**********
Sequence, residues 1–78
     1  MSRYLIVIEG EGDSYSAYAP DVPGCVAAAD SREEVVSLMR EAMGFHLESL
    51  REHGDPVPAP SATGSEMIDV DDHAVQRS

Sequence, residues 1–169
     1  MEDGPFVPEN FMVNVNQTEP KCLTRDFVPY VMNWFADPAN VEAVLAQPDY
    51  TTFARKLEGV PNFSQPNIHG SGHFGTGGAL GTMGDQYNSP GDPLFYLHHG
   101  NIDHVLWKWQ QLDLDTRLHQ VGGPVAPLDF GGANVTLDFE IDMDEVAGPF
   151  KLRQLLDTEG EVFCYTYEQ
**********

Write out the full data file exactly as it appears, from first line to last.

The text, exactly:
Sequence, residues 1–78
     1  MSRYLIVIEG EGDSYSAYAP DVPGCVAAAD SREEVVSLMR EAMGFHLESL
    51  REHGDPVPAP SATGSEMIDV DDHAVQRS

Sequence, residues 1–169
     1  MEDGPFVPEN FMVNVNQTEP KCLTRDFVPY VMNWFADPAN VEAVLAQPDY
    51  TTFARKLEGV PNFSQPNIHG SGHFGTGGAL GTMGDQYNSP GDPLFYLHHG
   101  NIDHVLWKWQ QLDLDTRLHQ VGGPVAPLDF GGANVTLDFE IDMDEVAGPF
   151  KLRQLLDTEG EVFCYTYEQ